The four affected vessels were progressively brought back and subject to controlled discharge – from 12 or 14 hours to three or four weeks. Berth space was at a premium with constant juggling. 

Fresh shipments were starting to arrive with higher levels of scrutiny. But in Japan, more than 6,000 vehicles were piling into the ports every week. We knew that after the famine would come the feast and so it proved. Although we were expecting it, there was little we could do to prepare for it. 

When fresh shipments started, we had the largest volume months ever, which put huge pressure on everything – space, capacity and funding. Businesses under financial pressure because of no stock were suddenly under huge financial pressure because of excess stock. 

Although we were surprised by the resilience of the industry, we’re still not out of the woods. There are still a lot of businesses under extreme pressure.   

Overall, there have been tens of millions of dollars of losses in shipping delays, additional ships and sailings required, storage and seven weeks’ lost trading. But, although it didn’t seem like it, the exercise was successful on three counts.

It prevented the bugs from becoming established. Our tens of millions of losses pale into insignificance when you think of the more than $6 billion and 60,000 jobs that were at risk in horticulture and viticulture. We deserve to congratulate ourselves, industry and government for this success. 

It was an example of all industry sectors and government departments collaborating to deal with the issue. It wasn’t easy – the regulator was doing its thing, industry wanted to make progress and get certainty, there were financial pressures. There was collaboration, but competition. 

The import health standard [IHS] is now being reviewed, setting new requirements to ensure we’re ready for the start of the next stink-bug season, which starts on September 1. Let’s hope the bugs know!

Accredited border-inspection organisations are investing millions in developing treatment systems to ensure we have the capacity needed.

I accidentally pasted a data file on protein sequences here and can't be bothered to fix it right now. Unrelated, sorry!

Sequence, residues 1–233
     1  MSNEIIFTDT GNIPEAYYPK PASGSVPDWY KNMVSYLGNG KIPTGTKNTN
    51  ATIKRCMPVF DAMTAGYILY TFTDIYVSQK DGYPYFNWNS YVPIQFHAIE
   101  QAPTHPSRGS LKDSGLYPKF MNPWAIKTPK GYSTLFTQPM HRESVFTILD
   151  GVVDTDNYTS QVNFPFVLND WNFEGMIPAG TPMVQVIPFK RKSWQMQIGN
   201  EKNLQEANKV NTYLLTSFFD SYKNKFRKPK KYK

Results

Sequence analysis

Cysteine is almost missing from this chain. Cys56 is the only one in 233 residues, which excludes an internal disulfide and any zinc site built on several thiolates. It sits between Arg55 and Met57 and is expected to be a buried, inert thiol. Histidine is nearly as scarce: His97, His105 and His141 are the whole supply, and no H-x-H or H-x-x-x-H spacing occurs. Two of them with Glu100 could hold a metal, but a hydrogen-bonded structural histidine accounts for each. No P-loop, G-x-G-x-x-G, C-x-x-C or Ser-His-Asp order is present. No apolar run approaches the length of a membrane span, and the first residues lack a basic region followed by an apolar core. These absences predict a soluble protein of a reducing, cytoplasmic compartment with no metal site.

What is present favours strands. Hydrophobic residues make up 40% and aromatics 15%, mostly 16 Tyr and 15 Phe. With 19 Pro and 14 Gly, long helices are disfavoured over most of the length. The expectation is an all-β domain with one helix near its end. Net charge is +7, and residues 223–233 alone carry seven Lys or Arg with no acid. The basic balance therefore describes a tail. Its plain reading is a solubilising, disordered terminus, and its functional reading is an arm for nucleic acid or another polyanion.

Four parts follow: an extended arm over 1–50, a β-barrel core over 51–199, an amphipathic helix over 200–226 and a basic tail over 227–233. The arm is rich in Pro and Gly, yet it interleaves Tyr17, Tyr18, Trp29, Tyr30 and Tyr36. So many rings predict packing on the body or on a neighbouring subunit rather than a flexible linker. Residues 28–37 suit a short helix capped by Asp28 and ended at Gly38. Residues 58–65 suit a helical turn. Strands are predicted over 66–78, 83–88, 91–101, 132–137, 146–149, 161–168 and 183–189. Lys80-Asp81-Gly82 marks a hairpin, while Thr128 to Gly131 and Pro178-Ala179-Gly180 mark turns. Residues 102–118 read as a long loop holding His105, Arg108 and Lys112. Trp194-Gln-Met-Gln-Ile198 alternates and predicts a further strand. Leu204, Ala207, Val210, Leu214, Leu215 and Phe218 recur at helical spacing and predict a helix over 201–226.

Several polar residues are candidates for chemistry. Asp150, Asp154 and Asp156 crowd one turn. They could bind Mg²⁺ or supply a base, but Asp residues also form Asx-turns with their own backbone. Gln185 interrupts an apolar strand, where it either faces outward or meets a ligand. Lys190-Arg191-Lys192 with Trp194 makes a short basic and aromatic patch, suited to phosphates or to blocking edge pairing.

There’s no doubt costs are going to increase for everyone, but that will be the price we need to pay to ensure our biosecurity. 

While this was going on, the ESC deadline came and went with barely a hiccup. There were non-compliant vehicles that missed the deadline because delivery was delayed by the stink-bug crisis, but we put in place arrangements with the NZTA so they could be dealt with separately. 

And we were able to arrange a simplified process with NZ Customs for vehicles imported, exported and then re-imported because of the bugs.

I’m proud of the leadership role VIA took in dealing with this issue. We’re not a regulator, we’re not biosecurity scientists and we’re not logistics or inspection experts. 

But we showed leadership in coordinating the efforts of everyone involved and ensured that communications were as accurate and timely as possible in a fast-changing situation. 

The airbag recalls

While we were in the midst of dealing with this issue, the Minister of Commerce and Consumer Affairs, Kris Faafoi, declared a mandatory recall for vehicles fitted with a particular airbag. 

The recall had been around for some time. It’s a significant issue for the motor industry worldwide – more than 140 million vehicles were affected. 

Despite best efforts in New Zealand, there had been slow progress in remedying the problem. Information was incomplete about which vehicles were affected, and which had already been reworked. Some needed to be reworked again.

There was an inadequate supply of replacement parts, as the airbag manufacturer had gone into bankruptcy. And, in NZ, vehicle owners were apathetic. There was a poor response to the campaigns to replace airbags.

So the minister took his decision to make the recall mandatory. His aim was to prevent any more affected vehicles entering the fleet and rework vehicles in the fleet as quickly as possible.  

Both laudable goals, but easier said than done. We still have the constraints of lack of information and moving target, shortage of parts and consumer apathy.

This isn’t an inconsiderable problem. There are almost 600,000 vehicles affected by the recall in New Zealand alone, total cost over $100m. Once processes are set up for this particular recall, there will be other safety-related ones in the pipeline.